It is human nature to think (hope) that grass may be greener in farther pastures. If you happen to be living in trauma centers like Darfur or Haiti, no doubt you would be right.
But if you happen to live in the developed world—ground zero for our generation’s credit crisis—there is little truth to support the hope. We have pretty much done the same dumb, over-levered things everywhere these past few years: politicians wanting to be popular adopted a unanimous and mistaken belief that increased home ownership on pretty much any terms was good. Bank heads believed that securitization made them genius magicians who could magnify zero equity into fabulous risk-free profits for all. The masses bought in; the debt and equity markets levered it up. Until suddenly (or so it seemed) in March 2007, people began stirring from the dream to discover we aren’t “richer than we think”, in fact we are collectively broke.
The past month a fresh spate of horror is sweeping the world as the extent of the European debt debacle unfolds. The UK is a nightmare of its own. Those who believed stupidity was localized to the US the past decade have to rethink. Those who believe that Canada has been smarter and thus immune from the debt disease are dreaming still. Concerns about Canada’s ballooning debt and housing prices made front page news last weekend for the Wall Street Journal: As Housing Rebound in Canada Spurs Talk of a New Bubble and the Globe and Mail: Big Six banks urge Ottawa to tighten mortgage rules.
Meanwhile an important point to realize is that unlike the US where borrowers can lock in rates for 30 years, Canadian mortgages tend to be set for 5 year terms and less. This means eventually higher rates ahead will be a big hurdle for those barely carrying mega mansion loans at today’s rock bottom rates. We add to that the fact that at December 2009 Canadian house prices had leapt up about 20% in 1 year for no fundamentally sound reason other than low, low, rates and lax lending rules. Sound familiar?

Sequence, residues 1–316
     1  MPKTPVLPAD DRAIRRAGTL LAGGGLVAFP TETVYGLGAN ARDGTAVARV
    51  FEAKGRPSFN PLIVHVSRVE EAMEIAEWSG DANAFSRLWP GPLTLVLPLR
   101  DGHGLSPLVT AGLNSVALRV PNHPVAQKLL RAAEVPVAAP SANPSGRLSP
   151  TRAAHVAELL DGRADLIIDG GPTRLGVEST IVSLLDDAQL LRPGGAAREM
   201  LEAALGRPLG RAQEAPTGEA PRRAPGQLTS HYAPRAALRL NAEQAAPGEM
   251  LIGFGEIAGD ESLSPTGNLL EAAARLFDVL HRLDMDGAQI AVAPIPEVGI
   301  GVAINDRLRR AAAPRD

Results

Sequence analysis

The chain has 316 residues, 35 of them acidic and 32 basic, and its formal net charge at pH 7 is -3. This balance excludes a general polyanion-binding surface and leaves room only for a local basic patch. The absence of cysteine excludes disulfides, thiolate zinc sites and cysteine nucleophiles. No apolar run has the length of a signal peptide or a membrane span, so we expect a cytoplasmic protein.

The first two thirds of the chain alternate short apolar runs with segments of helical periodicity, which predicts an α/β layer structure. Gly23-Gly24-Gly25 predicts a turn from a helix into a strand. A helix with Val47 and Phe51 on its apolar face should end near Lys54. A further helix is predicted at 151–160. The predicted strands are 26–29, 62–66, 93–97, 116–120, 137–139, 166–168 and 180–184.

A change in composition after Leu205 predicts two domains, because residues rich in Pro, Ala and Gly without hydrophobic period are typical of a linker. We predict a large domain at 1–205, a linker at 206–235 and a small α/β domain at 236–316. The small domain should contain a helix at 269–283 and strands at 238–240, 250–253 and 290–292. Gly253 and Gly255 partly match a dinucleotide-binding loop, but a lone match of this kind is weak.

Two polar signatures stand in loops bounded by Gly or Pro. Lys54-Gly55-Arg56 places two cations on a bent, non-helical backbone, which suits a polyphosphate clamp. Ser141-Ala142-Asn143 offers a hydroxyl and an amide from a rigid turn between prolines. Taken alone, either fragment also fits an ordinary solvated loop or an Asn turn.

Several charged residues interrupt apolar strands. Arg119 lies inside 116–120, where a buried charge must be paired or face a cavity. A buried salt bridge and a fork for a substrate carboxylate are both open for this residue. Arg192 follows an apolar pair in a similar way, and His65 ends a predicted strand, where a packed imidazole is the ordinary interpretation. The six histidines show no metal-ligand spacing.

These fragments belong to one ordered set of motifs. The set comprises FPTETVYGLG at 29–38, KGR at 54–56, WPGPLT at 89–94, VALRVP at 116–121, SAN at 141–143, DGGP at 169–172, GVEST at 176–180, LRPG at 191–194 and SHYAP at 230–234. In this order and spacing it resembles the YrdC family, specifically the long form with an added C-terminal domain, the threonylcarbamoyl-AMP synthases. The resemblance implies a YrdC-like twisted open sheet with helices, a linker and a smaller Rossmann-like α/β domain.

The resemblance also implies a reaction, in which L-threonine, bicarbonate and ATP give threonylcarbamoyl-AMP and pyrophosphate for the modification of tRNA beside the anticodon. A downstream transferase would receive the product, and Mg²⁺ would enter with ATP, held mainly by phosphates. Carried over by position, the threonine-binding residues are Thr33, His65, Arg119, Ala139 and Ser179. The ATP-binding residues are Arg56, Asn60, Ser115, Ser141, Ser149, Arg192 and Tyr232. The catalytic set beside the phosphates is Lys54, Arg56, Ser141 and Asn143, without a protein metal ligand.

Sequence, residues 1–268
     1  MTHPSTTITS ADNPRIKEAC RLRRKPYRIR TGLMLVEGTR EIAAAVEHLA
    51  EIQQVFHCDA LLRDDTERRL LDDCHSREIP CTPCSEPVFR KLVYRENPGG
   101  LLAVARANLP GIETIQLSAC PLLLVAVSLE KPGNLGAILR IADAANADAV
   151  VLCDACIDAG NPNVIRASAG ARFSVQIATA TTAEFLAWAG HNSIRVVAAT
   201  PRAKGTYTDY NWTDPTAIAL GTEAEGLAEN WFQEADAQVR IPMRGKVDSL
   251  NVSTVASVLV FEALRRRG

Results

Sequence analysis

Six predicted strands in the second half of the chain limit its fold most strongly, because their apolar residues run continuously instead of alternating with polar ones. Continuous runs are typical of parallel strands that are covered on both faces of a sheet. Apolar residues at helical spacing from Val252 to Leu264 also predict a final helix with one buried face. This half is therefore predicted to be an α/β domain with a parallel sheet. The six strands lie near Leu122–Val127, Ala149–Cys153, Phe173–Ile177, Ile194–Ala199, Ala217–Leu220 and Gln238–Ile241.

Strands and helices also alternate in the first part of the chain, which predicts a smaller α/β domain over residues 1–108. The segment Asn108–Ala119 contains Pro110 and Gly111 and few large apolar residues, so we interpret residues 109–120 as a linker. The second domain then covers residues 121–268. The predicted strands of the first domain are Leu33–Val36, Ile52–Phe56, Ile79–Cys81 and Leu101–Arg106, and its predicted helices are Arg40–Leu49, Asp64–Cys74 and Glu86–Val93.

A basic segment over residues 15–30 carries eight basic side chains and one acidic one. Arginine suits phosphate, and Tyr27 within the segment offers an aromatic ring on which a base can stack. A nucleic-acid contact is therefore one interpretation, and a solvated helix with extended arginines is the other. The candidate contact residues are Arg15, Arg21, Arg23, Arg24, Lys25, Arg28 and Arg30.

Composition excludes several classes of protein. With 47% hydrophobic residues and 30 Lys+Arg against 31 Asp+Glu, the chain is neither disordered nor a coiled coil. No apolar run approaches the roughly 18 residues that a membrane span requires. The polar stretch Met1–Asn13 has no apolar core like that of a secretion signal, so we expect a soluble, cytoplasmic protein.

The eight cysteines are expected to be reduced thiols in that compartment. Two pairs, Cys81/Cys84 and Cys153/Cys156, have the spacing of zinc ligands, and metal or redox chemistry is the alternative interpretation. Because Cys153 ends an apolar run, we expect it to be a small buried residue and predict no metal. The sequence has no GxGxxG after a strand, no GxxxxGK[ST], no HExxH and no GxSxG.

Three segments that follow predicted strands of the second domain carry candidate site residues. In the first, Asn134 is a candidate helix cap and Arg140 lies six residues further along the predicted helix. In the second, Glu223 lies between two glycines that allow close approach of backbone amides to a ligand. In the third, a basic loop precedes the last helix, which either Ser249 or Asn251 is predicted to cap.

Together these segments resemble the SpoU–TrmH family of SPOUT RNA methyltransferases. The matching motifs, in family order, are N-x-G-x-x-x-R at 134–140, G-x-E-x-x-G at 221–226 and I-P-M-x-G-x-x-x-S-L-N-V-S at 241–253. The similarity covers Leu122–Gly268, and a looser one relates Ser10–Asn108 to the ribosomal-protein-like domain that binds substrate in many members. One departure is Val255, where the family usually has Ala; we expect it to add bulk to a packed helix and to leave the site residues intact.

Whether Canada is the worst of the global debt-enslaved is really not the question. We are certainly well within the pack of over-levered, under-saved and presently under-employed– that much we know. Politicians and cheerleaders can argue about Canada\s economic superiority– but it is a mirage. Our commodities focus has left us over-levered to the consumption bubble on the way up and now vulnerable to the consumption contraction on the way down.
The fact is that our stock market lost half of its value along with the rest in both of the bear markets of the last 10 years. Each time a resurgence of risk aversion hits the world flies back to the US dollar we suffer big outflows from Canadian currency, equities and commodities. Pretending this is ‘not our problem’ is a big mistake for those trying to protect and grow capital.
Cory’s Chart Corner
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